Students

Our Kids: Who are your students?

MM: About 40% of our students are children coming from families where one of the parents comes from a country other than Poland or from international families. Altogether we have students from 45 countries: Taiwan, Thailand, China, Vietnam, and of course from all over Europe. We even have American students.

Our Kids: We’ve talked about the teacher turnover—does that also refer to students who come with their parents for a short time and have to leave Poland?

MM: This is a rather marginal issue, unlike in British or American schools where there are mostly expat families and where there’s a lot of change in the student population. This is a problem because after two to three years, most students in every class are new. That’s not the case in our school where classes mostly consist of the same students.

Special programs

Our Kids: On your website, you mention a number of your own educational programs such as Multiworld, Multisport, Multichallenge, and Multiknowledge. Could you tell us about the one that you’re particularly happy with?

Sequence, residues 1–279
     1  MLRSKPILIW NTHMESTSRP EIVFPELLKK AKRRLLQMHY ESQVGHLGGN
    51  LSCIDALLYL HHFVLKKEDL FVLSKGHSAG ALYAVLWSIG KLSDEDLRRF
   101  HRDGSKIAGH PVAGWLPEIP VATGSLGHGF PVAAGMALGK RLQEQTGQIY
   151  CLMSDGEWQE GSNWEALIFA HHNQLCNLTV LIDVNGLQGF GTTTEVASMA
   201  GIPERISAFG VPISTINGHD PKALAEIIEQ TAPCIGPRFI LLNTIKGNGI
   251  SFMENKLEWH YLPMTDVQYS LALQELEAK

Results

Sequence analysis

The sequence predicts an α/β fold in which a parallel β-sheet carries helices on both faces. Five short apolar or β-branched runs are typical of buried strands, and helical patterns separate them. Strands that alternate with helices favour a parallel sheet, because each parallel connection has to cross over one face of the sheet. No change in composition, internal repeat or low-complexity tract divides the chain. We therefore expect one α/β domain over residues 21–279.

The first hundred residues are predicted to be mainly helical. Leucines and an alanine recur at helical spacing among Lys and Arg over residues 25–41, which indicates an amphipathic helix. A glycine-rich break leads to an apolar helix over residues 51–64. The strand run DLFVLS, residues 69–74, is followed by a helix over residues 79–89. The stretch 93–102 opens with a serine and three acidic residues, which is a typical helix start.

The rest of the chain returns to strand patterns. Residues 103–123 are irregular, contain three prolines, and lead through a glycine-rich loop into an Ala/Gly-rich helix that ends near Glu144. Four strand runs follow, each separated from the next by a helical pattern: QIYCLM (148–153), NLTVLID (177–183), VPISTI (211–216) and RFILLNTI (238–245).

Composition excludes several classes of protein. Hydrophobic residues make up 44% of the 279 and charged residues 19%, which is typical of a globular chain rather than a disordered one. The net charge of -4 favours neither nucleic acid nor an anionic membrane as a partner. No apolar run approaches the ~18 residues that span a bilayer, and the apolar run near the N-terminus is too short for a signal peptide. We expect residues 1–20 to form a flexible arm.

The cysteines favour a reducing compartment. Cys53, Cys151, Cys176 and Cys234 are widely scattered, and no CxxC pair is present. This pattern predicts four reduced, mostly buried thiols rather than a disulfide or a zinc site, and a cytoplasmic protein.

MM: It is definitely the program called Multiworld. Through this program we implement various educational projects where children in their own age groups (Grades 1-3, 4-6, and 7-8) prepare their own projects. In most cases a new program starts in September and is carried out throughout the year. It has three coordinators—one in each age group. Within one project we have various activities and the children prepare various elements by themselves, for example, theatre performances which relate to that leading theme.

Our Kids: Could you give me an example?

MM: Now, since September, we have been implementing the project called multiculturalism. We want our children to think about what it means, how multiculturalism works, why it’s worth considering and important in our community, and why it is that the fact that we differ from each other is a positive thing.